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Pre-existing Condition: New York’s Broken Liability System

The ‘Worst State for Doctors’ Has a Dangerous Pre-existing Condition Another year, and another report naming New York the “Worst State for Doctors.” Time and time again, our state ranks dead last as a place for physicians to practice. The primary reason for the Empire State’s strained relationship with the medical profession is the staggering cost of medical liability insurance. New York has the highest per capita medical liability payouts in the country. These payouts are 35 times higher, per capita, than they are in the lowest state. Nearly 20 percent of all the medical liability payouts in the U.S. are paid in New York, more than all of the medical liability payouts for the entire Midwest. These costs drive doctors out of our state and weaken New Yorkers’ access to care. Since 2003, 16 hospitals in New York City have closed. To keep their doors open, some of the state’s remaining hospitals have opted to “go naked,” and not carry any medical liability insurance at all. While it is tempting to blame the insurers for this cost crisis, many medical liability insurers are operating at a loss. The real culprit for New York’s runaway medical insurance costs is New…

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Panel Discussion Yields Insights into Future of Liability Reform

Taking part in a legal panel on the future of medical liability reform, HCLA chair Mike Stinson joined with legal experts and those supporting the interests of consumers to give insight on how efforts to change the currently broken system will evolve. Hosted by George Mason University’s Antonin Scalia Law School and the school’s Law & Economics Center, the panel represented varying legal, industry, and patient interests. Speaking on behalf of PIAA and their government relations efforts, Stinson talked about the benefit of liability reforms to deserving patients and federal health care spending. “The proposals [under consideration] have been scored as providing significant federal savings if enacted by Congress,” Stinson commented. “Our interest is that we get a more uniform system of medical justice across the United States.” Pushing back on assertions by other panel members that federal liability reform is unnecessary or unconstitutional, Stinson stated that “the system needs to be corrected – it’s incredibly inefficient. When two-thirds of all claims are dropped, withdrawn, or dismissed because they lack merit, but still cost tens of thousands of dollars each to defend against, you’ve got a system that’s not working correctly.” To watch the medical liability reform panel discussion in…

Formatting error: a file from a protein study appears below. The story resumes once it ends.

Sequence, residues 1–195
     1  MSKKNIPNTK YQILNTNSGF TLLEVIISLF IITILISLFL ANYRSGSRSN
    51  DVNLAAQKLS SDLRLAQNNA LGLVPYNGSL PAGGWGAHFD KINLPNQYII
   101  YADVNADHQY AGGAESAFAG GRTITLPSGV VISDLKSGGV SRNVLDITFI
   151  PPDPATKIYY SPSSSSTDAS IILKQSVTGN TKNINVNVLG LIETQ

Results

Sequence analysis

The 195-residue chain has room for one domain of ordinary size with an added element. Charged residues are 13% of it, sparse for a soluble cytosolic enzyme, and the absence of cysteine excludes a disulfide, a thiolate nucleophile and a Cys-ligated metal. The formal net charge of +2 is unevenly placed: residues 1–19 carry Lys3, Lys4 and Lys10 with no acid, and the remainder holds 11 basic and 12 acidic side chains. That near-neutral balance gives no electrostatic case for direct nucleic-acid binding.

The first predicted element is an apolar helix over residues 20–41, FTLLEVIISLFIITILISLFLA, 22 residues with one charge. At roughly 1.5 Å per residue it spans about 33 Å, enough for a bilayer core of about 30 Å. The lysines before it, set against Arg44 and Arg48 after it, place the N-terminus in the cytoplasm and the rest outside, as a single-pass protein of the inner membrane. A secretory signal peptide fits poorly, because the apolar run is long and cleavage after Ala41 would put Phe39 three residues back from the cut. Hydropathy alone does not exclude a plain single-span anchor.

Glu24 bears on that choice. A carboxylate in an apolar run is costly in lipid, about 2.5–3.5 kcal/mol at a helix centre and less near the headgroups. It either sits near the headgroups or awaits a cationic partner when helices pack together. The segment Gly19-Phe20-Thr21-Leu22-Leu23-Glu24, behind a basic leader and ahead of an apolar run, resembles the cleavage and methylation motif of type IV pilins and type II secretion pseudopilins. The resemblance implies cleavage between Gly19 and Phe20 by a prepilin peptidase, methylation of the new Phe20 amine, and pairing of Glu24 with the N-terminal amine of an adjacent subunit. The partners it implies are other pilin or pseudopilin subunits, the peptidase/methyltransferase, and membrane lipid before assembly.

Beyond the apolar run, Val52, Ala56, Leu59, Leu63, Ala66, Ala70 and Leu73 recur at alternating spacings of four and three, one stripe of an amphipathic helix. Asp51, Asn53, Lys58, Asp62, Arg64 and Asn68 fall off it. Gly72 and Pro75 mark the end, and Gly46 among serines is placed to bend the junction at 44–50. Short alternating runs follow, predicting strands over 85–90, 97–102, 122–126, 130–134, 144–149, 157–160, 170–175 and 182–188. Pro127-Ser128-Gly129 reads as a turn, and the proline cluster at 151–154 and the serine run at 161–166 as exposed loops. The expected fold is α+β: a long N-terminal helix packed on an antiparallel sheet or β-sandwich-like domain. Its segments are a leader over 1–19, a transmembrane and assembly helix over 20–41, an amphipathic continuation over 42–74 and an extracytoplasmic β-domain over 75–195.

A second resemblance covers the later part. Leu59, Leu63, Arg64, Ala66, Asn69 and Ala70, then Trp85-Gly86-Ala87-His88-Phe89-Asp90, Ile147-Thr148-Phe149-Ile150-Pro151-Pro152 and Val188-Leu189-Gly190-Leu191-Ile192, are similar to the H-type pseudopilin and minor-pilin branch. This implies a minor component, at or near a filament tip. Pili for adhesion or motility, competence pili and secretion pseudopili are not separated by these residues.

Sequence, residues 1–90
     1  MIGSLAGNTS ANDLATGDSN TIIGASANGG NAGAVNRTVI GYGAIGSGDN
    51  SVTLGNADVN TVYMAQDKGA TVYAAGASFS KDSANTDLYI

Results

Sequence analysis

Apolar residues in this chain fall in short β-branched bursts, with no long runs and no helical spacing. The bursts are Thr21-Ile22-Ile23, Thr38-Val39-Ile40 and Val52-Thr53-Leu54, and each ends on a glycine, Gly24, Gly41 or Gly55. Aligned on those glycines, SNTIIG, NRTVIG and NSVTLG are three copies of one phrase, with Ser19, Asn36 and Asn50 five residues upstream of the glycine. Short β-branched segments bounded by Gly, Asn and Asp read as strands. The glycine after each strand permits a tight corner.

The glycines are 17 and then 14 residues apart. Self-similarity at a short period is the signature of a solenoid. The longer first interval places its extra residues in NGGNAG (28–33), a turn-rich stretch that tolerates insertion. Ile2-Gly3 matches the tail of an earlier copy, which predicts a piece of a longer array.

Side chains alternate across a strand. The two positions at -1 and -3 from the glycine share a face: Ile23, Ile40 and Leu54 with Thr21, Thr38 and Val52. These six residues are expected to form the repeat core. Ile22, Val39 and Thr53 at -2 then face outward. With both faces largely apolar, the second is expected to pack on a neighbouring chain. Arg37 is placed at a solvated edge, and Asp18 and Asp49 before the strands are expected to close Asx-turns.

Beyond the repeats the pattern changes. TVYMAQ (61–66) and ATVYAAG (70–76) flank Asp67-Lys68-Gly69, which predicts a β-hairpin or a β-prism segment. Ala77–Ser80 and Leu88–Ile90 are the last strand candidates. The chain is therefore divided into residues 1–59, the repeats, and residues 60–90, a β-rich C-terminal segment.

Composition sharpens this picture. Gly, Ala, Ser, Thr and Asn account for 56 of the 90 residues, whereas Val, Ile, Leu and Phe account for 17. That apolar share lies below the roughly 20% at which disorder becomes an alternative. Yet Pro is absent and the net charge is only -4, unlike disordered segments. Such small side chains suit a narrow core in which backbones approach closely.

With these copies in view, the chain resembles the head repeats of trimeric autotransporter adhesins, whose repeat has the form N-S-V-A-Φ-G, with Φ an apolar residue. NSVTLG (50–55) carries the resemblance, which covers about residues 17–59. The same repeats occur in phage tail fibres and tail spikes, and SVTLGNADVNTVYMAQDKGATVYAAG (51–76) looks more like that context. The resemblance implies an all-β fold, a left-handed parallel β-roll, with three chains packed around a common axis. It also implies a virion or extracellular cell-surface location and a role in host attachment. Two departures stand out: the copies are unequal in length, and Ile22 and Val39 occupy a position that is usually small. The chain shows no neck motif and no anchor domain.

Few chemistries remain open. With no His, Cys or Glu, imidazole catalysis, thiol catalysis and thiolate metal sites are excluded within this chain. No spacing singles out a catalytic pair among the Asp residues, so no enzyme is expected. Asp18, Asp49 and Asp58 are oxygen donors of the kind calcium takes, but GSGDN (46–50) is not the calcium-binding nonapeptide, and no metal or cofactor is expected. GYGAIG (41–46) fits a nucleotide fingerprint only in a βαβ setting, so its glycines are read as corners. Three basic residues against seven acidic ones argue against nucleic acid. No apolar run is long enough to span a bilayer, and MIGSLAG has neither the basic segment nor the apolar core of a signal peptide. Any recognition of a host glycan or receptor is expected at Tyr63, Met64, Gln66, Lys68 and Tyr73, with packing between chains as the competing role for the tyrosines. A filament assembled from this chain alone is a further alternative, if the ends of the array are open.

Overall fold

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Liability Reform Cited as Major Savings in President’s Budget

With an emphasis on deficit reduction, the President’s 2018 budget highlighted how medical liability reform can lead to improved fiscal health. Cited as resulting in major savings and reform, medical liability reform is noted in the President’s budget as necessary due to the fact that “the current medical liability system does not work for patients or providers, nor does it provide quality, evidence-based care,” budget language states. The liability reform proposal in the budget contains proven state reforms that have lowered costs and increased access to care in states such as California, Texas, West Virginia, and Ohio. This allows for deficit reductions of $55 billion over 10 years upon passage of a bill that contains reasonable limits on non-economic damages of $250,000 (increasing with inflation), a three-year statute of limitations, and modifications on attorney’s fees to ensure deserving patients – not personal injury lawyers – benefit from liability judgments and settlements. To review the medical liability reform proposal contained within the President’s budget, click here.